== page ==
Application Forms

Most Host Universities will have application forms that must be completed by Erasmus students. You should ensure that you complete any forms and return them by the due date. Generally forms of this nature are available from your coordinator here in NUI Galway. Sometimes the host university may send them to you once they have received your name and address from your own coordinator here in Galway. Some universities now require you to complete application forms on-line. Please check out which procedure applies for the university that you will be attending.

Essential Documents

In most cases you will need the following items for registration purposes in the host university. Take plenty of copies as you will probably have to present them on various different occasions:

  • A copy of your birth certificate (this may need to be a translated version; your department can help you with this)

  • A supply of passport photographs

  • Your passport

  • A letter saying your home university has nominated you as an Erasmus student and that you are in receipt of an Erasmus Mobility Grant. (You will get this from the International Affairs Office at NUI Galway)

  • A confirmation of your acceptance at the university, if applicable.

  • Your European Health Insurance Card

EU online survey

You will receive a request to complete the EU online survey by e-mail in due course, towards the end of your studies abroad. The report must be completed online, and is compulsory for everyone taking part in Erasmus. Final grant instalments can't be paid to any student who fails to submit their final report.

Student Narrative Report

In addition to the EU online survey, your academic coordinator may also ask you to complete a Narrative Report with specific questions about the practical aspects of your time abroad. Your observations here may be very helpful to future NUI Galway students, so please take the time to complete this report carefully if it is requested. If a number of you from the same course are studying in the same location, you may collaborate on the Narrative Report, but remember that the above-mentioned EU survey must be completed on an individual basis.


You should be aware that student accommodation is not always offered or made available by NUI Galway’s partner universities. Where it is, and you want to avail of it, you will normally need to complete a booking form in advance. In a lot of cases student accommodation is allocated on a “first come, first served” basis. It is imperative that you do not delay in returning booking forms. Mention what subjects you are studying when you complete the accommodation booking form. In this way, the host university may be able to allocate student accommodation near to the Faculties of the subjects you will be studying. NUI Galway students who previously attended your host university may also be able to recommend a particular student residence. You may be requested to pay a deposit in advance. Pay this on time to avoid disappointment.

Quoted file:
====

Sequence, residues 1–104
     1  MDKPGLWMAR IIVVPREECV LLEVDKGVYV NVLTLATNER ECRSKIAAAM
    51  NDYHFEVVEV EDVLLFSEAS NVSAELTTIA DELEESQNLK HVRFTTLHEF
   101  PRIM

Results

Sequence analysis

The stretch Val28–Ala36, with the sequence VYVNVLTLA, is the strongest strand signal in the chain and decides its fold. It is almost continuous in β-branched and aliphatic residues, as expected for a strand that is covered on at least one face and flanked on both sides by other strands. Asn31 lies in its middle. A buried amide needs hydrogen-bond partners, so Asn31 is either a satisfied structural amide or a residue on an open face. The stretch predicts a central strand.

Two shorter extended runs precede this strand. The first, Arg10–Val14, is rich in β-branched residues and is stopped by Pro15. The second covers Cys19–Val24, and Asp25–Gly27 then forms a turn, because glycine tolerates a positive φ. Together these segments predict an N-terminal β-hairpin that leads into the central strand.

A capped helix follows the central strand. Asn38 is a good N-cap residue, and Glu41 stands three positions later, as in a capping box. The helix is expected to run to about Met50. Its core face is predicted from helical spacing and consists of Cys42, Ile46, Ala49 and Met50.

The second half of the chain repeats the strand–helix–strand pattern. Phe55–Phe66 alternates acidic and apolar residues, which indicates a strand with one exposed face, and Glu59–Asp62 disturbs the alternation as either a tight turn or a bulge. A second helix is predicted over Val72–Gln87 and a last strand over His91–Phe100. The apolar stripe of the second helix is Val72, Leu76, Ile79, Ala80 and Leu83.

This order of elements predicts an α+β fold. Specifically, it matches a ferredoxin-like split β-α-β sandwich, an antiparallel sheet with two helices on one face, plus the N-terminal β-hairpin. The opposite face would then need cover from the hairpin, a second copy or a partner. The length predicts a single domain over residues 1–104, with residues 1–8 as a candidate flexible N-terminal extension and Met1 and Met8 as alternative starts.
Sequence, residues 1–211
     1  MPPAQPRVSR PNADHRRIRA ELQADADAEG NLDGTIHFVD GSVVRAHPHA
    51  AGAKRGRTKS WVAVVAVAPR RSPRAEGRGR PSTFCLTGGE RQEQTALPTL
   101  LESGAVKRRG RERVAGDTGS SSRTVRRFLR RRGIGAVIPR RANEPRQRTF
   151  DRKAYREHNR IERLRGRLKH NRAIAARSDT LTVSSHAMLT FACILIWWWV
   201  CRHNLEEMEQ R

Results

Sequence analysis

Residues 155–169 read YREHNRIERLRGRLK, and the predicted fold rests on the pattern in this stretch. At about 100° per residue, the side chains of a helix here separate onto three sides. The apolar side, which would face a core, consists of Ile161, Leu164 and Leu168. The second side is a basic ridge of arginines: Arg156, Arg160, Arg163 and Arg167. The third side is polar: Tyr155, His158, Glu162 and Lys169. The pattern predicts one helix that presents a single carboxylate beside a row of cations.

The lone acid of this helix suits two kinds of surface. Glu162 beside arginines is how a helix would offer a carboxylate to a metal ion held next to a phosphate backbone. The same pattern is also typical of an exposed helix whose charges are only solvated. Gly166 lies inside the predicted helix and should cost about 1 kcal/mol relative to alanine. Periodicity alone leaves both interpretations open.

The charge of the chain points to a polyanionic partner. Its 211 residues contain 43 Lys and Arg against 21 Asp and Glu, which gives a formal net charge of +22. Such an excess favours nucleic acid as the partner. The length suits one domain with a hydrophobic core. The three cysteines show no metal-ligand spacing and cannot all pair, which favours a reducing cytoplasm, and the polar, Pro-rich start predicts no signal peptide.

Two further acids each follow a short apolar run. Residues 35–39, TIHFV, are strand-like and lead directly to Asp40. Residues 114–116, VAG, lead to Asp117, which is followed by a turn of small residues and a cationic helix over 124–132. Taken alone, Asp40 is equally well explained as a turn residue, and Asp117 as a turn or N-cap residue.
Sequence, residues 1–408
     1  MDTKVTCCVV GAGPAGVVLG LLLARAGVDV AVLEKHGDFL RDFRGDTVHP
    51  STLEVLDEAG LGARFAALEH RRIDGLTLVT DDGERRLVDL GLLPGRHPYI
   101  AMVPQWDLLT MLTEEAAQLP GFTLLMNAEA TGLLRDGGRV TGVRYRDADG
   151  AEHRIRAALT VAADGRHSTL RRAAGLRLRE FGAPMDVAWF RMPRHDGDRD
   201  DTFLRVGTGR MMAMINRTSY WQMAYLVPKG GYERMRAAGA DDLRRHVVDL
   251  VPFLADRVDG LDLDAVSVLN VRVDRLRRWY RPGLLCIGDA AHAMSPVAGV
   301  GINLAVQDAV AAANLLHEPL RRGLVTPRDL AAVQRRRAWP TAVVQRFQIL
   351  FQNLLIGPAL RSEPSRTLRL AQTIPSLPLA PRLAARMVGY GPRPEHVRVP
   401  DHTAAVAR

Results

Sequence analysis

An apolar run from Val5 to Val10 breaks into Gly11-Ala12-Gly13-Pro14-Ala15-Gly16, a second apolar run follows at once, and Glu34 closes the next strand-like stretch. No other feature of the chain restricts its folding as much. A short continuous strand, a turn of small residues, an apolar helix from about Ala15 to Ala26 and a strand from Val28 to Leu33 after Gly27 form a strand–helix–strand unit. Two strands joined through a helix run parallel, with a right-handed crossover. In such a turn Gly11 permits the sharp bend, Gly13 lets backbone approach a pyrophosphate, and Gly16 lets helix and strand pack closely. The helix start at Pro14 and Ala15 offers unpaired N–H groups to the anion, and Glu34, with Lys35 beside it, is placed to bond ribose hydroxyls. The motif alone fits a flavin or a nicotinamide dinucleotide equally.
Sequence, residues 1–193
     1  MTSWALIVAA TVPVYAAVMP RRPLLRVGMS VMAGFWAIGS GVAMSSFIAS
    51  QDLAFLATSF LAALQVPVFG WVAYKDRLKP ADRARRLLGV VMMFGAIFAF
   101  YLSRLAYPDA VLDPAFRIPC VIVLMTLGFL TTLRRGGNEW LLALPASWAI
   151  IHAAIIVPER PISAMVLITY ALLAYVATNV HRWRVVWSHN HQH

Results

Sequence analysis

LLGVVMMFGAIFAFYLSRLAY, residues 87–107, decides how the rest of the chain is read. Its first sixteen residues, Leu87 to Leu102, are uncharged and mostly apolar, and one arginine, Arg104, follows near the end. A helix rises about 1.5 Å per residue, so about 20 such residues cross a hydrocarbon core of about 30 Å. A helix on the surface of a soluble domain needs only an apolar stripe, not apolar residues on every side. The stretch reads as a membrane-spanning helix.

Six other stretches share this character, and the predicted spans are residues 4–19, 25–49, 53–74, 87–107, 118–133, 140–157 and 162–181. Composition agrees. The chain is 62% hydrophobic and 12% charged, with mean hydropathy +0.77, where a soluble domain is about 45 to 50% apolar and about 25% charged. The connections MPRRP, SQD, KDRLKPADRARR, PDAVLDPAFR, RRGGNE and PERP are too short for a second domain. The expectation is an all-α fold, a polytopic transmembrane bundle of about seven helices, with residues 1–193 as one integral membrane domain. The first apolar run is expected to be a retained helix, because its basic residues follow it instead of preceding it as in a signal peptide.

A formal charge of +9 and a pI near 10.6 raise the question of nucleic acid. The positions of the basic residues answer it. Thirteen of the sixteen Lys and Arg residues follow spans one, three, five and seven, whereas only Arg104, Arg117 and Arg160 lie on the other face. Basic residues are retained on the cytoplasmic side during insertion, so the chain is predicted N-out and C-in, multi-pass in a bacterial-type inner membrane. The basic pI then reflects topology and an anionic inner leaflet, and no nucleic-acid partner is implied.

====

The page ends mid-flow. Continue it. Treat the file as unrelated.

It is worth noting that student accommodation in France may not be of a very high standard and may be located in neighbourhoods that are not very salubrious. You may find that cooking utensils are not provided and that a number of people could be sharing communal cooking and bathroom areas. If you are not comfortable with this, you may be better advised to book accommodation in the private sector. Research your options before you make a final decision.

Where student accommodation is either not available or not your preferred option, it is strongly advised that you make appropriate arrangements in advance. This may mean booking into a hotel or hostel and arriving a week or two before the teaching term starts in order to give yourself time to search for private accommodation. Most universities have an Accommodation Office or an International Office that will be able to assist you and give you advice. Try to find out about different neighbourhoods in terms of their safety and their proximity to the university, and get an idea of the going rates for monthly rent. You are also advised to be careful signing contracts – read the small print.


While it may seem convenient and comforting to share accommodation with other English-speaking students, former Erasmus students have often commented that this is not particularly beneficial from the points of view of language learning and integration into the new environment, and you should consider all of this when you are looking for somewhere to stay.

Students who live at home while attending university in Galway may find the search for accommodation the most daunting aspect of the stay abroad. However, with careful and early planning most students don’t have any major problems.

Consider carefully the following points:

  • What types of accommodation options are available?
  • What is the cost of each option?
  • What forms are needed to book accommodation?
  • What is the deadline for the return of all necessary forms?
  • What deposit, if any, is required in advance?
  • What facilities (toilet, shower, cooking, etc) are available? Are they shared?
  • Is bed linen, etc. supplied or will you need to bring/buy your own?
  • From what date will accommodation be available?
  • What are the opening hours of reception in student residences? (If you are arriving late in the evening or at a weekend, you may need to make special arrangements.)

Important Information

Staying in Touch

While you are abroad please remember to stay in touch regularly with your family. When you travel abroad your family will be anxious to know that you have arrived safely and are settling in well. A quick phone call will put their minds at ease.